Skincredible: Cutting-edge limbs could return amputees’ sense of touch
The groundbreaking touch-sensitive skin, developed by researchers at the University of Glasgow's School of Engineering, could help amputees one day regain their sense of touch.
The experimental technology was made using an ultra-thin form of carbon, known as graphene. The material, a mere one atom thick, is currently the strongest of its kind on earth.
Powering such ‘electronic skin’ has been a challenge in the past but researchers feel they have cracked the problem using solar energy.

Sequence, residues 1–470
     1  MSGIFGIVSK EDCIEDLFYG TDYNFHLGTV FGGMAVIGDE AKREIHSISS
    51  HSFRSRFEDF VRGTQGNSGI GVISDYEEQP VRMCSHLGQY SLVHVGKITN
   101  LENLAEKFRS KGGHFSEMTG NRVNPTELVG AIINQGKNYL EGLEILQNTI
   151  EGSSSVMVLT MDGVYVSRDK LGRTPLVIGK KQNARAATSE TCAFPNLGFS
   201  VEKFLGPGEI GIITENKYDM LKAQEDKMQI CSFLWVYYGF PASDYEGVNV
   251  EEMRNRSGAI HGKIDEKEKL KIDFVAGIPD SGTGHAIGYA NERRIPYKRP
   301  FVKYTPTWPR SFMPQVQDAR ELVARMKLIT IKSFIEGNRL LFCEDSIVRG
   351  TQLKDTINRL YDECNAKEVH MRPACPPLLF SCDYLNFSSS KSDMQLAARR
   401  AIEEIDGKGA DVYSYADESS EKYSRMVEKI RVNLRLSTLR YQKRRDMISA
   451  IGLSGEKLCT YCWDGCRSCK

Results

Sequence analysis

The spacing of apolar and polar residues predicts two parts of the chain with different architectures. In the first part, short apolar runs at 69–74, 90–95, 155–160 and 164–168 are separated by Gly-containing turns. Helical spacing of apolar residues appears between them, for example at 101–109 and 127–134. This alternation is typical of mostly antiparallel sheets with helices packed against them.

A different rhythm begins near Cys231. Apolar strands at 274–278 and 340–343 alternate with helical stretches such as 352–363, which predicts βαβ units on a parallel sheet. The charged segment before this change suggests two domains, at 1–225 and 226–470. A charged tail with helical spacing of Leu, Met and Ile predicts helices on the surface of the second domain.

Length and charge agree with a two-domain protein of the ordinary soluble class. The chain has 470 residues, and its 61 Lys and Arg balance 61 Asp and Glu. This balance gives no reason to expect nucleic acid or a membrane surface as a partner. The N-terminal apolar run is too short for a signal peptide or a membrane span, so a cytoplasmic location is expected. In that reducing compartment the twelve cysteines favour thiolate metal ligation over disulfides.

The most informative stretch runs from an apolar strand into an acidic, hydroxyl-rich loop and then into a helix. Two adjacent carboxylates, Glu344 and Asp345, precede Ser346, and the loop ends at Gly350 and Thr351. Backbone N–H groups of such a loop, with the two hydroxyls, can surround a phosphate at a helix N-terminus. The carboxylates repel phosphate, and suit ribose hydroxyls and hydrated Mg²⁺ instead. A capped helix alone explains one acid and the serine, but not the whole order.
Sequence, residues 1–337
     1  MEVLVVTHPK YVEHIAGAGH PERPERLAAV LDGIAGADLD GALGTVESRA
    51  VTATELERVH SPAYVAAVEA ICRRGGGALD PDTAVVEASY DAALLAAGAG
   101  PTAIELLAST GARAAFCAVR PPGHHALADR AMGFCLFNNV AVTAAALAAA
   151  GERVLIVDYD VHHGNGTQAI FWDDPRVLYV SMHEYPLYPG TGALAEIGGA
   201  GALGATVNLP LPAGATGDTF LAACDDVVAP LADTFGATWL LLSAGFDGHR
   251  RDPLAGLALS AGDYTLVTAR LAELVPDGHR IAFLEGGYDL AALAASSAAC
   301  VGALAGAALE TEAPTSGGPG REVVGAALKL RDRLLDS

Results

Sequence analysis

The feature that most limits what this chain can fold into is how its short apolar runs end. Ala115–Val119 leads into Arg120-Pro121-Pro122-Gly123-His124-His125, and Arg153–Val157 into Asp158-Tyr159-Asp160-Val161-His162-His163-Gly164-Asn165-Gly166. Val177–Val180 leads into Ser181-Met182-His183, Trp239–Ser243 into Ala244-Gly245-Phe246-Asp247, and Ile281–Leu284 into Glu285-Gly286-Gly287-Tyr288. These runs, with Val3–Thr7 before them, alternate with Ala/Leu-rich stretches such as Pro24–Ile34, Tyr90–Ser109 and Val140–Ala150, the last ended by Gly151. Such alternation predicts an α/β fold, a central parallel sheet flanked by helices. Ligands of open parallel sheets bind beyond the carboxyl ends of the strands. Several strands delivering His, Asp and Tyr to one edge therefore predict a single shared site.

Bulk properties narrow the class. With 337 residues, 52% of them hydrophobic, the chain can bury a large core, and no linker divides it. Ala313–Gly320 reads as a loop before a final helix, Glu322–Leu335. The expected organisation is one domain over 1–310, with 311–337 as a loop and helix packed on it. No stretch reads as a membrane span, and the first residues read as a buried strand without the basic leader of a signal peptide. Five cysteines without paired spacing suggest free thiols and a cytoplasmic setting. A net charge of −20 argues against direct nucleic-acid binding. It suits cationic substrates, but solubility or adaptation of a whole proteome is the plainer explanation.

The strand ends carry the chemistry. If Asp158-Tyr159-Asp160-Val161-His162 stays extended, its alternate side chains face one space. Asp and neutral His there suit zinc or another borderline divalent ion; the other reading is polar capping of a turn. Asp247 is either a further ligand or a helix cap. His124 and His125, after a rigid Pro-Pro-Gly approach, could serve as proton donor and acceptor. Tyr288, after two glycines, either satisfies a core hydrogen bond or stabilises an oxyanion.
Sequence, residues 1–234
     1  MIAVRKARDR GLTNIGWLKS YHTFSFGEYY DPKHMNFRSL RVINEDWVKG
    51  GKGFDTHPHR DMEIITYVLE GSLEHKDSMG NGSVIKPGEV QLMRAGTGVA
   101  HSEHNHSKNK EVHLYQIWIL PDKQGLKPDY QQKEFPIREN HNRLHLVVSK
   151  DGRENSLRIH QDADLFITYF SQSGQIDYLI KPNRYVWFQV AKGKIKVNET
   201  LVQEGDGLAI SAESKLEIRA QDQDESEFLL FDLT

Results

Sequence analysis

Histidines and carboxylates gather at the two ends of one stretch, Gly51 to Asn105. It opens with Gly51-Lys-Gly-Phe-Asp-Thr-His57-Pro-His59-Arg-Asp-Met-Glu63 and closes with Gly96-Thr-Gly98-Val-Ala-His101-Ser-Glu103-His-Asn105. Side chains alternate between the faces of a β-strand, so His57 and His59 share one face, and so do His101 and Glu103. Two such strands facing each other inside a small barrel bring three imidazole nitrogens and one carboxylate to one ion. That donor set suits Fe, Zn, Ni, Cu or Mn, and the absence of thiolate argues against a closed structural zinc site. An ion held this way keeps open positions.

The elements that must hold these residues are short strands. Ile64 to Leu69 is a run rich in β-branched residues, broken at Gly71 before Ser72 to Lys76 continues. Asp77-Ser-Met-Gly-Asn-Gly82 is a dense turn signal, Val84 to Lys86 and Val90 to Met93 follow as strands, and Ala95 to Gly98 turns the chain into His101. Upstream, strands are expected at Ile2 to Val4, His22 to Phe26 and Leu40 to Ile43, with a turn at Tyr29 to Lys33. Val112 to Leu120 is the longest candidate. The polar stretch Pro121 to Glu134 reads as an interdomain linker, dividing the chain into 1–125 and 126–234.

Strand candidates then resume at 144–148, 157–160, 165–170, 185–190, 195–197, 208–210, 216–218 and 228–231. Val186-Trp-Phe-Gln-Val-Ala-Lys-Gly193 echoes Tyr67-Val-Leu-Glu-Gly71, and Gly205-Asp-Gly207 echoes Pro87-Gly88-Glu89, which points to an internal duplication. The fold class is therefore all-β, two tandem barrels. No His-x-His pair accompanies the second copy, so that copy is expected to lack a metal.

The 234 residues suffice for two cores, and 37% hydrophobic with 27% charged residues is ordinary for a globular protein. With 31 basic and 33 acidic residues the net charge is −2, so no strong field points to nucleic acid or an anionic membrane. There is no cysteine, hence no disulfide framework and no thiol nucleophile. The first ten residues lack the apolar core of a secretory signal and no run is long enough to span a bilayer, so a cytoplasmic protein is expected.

The highly flexible and electrically conductive graphene is also transparent, absorbing 98 percent of the light that lands on it, making it ideal for harnessing the power of the sun, the researchers claimed.
Smart prosthetics already have the ability to mimic many of the movements of human limbs, but a sense of touch would take the technology to the next level.
Further applications could extend to advanced robots, allowing such machines to detect danger when interacting with their human counterparts.
There are also potential advantages for wearable technologies, such as those used in health monitoring or wellness applications, according to the research published Wednesday in the journal Advanced Functional Materials.